“The voice of the Lord calls out to the city (and it is wise to fear your name): ‘Pay attention to the rod and the one who ordained it.’” — Micah 6:9 ( CSB- Read the chapter)
One of the basic assumptions humans have always made about the world is that there’s more to it than we can see with our eyes. The unique phenomenon of modern atheism aside, the general belief about the nature of the world that every human culture has held since there were thinking and reasoning humans walking around on the planet is that there is a spiritual world we cannot see and it has an impact on our daily lives. The exact understanding of the nature of that impact has varied rather widely, but the belief that we are foolish to ignore it has not. And while this largely manifests itself as various superstitions, what we see right here reminds us that it isn’t all superstition.
In this third part of our series, Grace in Hard Times, we finally get a look at what God had to say to Job and his friends after all their questions and assumptions about who He is and how He works. The result feels hard at first until you look a bit closer. What we learn is that God’s job in running the whole universe is a lot bigger than we think and that if we’ll let Him do it, He’ll do it well. Keep reading to see how this unfolds. Up next: A look at how we can keep the rhythm of our lives adjusted to the right beat.
What If God Answered?
Do you remember the worst lecture you ever got from your parents? While I confess that I fall to it way more often than I should with my boys, my folks either weren’t much for lecturing or else I’ve forgotten all of them (which really isn’t very comforting news for all the wisdom parents depart to their children through the vehicle of a lecture…). Still, though, there are times when as parents we need to impart a great deal of important information to our children in a rapid-fire fashion. And, coincidentally or not, these times often happen in conjunction with something they’ve done that wasn’t perhaps totally on the up-and-up and when we are in a state of mild to extreme anger. Now, if that happens to come across as a lecture, is that our fault? Well…probably…but that much is not where I want to go this morning. I’ll come back to this idea in a second. Read the rest…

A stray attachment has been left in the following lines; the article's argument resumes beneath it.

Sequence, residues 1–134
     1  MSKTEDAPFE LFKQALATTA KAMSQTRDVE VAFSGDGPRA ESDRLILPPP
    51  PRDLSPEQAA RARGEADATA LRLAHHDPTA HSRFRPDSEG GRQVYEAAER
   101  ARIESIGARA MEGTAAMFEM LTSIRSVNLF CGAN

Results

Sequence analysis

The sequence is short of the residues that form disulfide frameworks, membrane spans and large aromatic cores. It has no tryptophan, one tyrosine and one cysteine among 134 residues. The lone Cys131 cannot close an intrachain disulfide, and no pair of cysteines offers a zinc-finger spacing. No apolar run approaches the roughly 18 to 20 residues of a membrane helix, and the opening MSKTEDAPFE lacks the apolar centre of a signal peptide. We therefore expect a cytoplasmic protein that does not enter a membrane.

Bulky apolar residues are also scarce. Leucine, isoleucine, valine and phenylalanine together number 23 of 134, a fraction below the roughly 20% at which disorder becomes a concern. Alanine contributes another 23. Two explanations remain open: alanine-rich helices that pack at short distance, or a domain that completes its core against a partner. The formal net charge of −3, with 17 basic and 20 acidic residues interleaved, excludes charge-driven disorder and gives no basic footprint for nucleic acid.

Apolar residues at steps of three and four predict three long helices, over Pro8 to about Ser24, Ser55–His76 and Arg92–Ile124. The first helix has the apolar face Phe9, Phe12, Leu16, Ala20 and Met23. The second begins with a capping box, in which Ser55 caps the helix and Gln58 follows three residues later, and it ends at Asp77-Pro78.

In part two of our series, Grace in Hard Times, we take a look at the conversation among Job and his friends as they wrestle with the awful tragedies that have befallen him. Their attempts at comforting gradually transform into attempts at condemning him when he won’t play ball with their notions of how the world works. Along the way, we learn an important lesson on how to approach getting our minds around the hard times we face. Keep reading to find out what it is.
How Not to Comfort the Hurting
Have you ever been sure you were right…until you learned you weren’t? Tell me if you’ve been here before. One day we were getting ready to go to the pool and I had asked Noah to go to the garage to get something for us to take. We weren’t planning on making it a long trip and so to the boys’ disappointment we pretty severely limited the number of toys they were going to be able to take. Read the rest…
Evil is present everywhere in our world. We can’t escape it. We can only try and deal with the aftermath. This fact has long seemed deeply at odds with the idea of a good and loving God. The problem of evil is one of the thorniest challenges that has long seemed a roadblock to the Christian faith. In this new series, Grace in Hard Times, with the help of the book of Job, we are going to examine through the context of this epic story one powerful answer to the problem. In this first part of the conversation, we start with a bit of perspective.
What to Do When the Wheels Fall Off
A few years ago the news came out that Elizabeth Elliot had passed away at age 88. Elliot had been serving the Lord in various capacities for nearly her entire life. What she is perhaps best known for, though, is having been married for a short time to Jim Elliot. Jim was every bit as dedicated a servant of the Lord as Elizabeth was, but his story did not end in the same way hers did. In 1955, Jim and four other missionaries, including Nate Saint, were attempting to make contact with the Huaorani tribe deep in the jungles of Ecuador. After making several initial peace offerings by lowering gifts in a bucket from their plane, the pair finally decided it was time to make personal contact with the tribe. On the morning of January 3, 1956, they landed and met with some of the tribe members for the first time. They were received with excitement and it was looking like things were going to go smoothly. This road for the advance of the Gospel was appearing most promising. But just five days later everything fell apart. When the tribe warriors came out of the woods that morning to the Amazonian beach the missionaries were using as a landing strip and campsite, they did not come for peace. They came to shut down this outsider intrusion into their private lives. Nate, Jim, and the three other men with them were murdered in cold blood, speared to death by the Huaorani warriors. They each left behind a wife and a total of 10 kids among them. These five men had committed their lives to serving Jesus and advancing the Gospel regardless of the costs. They were selflessly committed to this goal and yet this was their end. Read the rest…